If you are injured while working aboard a vessel, a barge or other floating structure you are covered by the Federal Jones Act or General Maritime Law, entitled to serious injury damages including pain, suffering and lost wages. You are not a State Workers’ Compensation worker entitled to only limited benefits. I have represented maritime workers for over 30 years and successfully pursued cases to trial and through the U.S. Courts of Appeals. Vessel owners are vigorous in defending these cases and frequently hire attorneys and experts to investigate and photograph the scene and secure witness statements immediately. Our immediate involvement and investigation is critical to your case. Our firm had the experience and dedication to fight these vessel owners and insurance companies to secure you a fair and reasonable settlement or take your case to trial to pursue your rights.
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The Jones Act is a law enacted by Congress that provides protection to persons who are members of the crew of a vessel. This law applies to inland river workers as well as offshore workers who work on jackups, semi-submersibles, lay barges, drill ships or other floating, movable structures, tugs/towboats, crew boats, tankers, cargo ships, fishing vessels, chemical ships, research vessels, diving vessels and cruise and recreational ships.
If injured, there are a few very important steps that you must take in order to protect your legal rights to recovery under the Jones Act in the future. These are as follows:
Get co-workers to write a statement as to what the conditions were at the time of the accident.
The Jones Act is an Act of Congress, which governs the liability of vessel operators and marine employers for the work-related injury or death of an employee. It is a federal cause of action, meaning that the United States Congress intended for all seamen's injuries throughout the nation to be guided by the same liability standards. Although the Jones Act protects seamen, it is not the same as workers' compensation. It does not require payment regardless of fault. In order for a worker to recover under Jones Act, a worker must prove some negligence or fault on the part of the vessel's owners, operators, officers, and/or fellow employees, or by reason of any defect in the vessel, its gear, tackle, or equipment. The Jones Act provides an injured seaman a remedy against his or her employers for injuries arising from negligent acts of the employer or co-workers during the course of employment on a vessel. This means that the employer must do something unreasonable or fail to perform a reasonable act that would have prevented injury in order for the seaman to win his claim. Claims brought under the Jones Act can also raise claims against a vessel's owner that a vessel was unseaworthy.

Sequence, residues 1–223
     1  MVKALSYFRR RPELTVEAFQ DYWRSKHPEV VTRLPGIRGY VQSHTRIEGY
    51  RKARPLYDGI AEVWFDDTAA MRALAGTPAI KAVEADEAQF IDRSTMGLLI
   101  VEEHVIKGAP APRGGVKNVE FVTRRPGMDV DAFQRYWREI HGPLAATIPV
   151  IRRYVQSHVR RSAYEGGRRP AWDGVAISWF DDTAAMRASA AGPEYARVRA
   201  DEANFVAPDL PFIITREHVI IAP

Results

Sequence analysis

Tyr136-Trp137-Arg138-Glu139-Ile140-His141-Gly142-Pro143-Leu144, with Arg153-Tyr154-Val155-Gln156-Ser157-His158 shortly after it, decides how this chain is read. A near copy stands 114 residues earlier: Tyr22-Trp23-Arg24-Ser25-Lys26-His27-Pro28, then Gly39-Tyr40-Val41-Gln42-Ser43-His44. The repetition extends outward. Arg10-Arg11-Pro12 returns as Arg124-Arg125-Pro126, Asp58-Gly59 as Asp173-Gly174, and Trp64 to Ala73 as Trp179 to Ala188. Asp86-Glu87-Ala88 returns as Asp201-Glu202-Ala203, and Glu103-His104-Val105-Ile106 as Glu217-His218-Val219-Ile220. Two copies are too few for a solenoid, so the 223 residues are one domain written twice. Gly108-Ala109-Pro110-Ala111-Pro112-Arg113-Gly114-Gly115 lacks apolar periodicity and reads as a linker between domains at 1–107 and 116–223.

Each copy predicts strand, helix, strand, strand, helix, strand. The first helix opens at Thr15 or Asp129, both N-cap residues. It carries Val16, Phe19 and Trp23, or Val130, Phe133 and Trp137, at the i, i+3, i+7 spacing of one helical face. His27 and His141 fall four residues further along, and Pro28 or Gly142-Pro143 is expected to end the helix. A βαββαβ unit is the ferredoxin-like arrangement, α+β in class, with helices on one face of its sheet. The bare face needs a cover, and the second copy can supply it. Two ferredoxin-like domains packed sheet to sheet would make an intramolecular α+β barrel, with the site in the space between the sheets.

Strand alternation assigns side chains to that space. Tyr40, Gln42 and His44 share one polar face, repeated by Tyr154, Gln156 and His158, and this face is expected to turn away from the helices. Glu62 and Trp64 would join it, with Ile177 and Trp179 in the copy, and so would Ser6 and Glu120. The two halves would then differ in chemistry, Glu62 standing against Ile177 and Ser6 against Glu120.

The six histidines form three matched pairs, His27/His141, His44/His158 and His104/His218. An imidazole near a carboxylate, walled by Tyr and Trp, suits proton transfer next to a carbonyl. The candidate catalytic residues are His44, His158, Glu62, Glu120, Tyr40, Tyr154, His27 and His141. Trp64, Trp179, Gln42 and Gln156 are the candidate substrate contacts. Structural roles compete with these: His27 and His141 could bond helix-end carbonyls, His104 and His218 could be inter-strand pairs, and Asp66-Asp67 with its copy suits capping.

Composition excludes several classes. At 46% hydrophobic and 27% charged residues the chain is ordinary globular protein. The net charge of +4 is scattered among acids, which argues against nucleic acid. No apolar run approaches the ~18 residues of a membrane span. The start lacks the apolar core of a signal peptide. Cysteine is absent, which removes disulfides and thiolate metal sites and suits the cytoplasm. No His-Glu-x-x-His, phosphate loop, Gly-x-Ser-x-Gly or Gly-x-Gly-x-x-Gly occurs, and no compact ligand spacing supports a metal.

The Statute of Limitations in a Jones Act case is generally three (3) years from the date of the injury. There are exceptions to this general rule, however such as a seaman assigned to a vessel owned, operated, or contracted by the United States government. Actions against the vessel owner for unseaworthiness, must also be brought within three (3) years from the date of the seaman's injury.
One of the central questions in any maritime injury case is whether the injured party is a seaman, since only a seaman can recover under the Jones Act. A seaman is a member of the crew of a vessel or someone who is assigned to a vessel or a fleet of vessels. For example, those who work on tankers, freighters, jack-up rigs, semi-submersibles, towboats/tugs, supply boats, crew boats, barges, lay barges, and fishing vessels are members of the crew and are considered seamen. Those who are crewmembers on movable or jack-up drilling rigs are seamen. Longshoremen, pilots, and those who work on fixed platforms are not seamen, but have other maritime remedies available for injuries. Often there is a dispute as to seaman status and whether the seaman was working on a vessel when he was injured. It is very important to allow the maritime attorney to study the facts surrounding the accident and the "vessel" to help make the determination of seaman status. The essential requirements for seaman status are:
Barge repair workers who are injured receive compensation and medical benefits under the Longshore Harbor Workers' Compensation Act.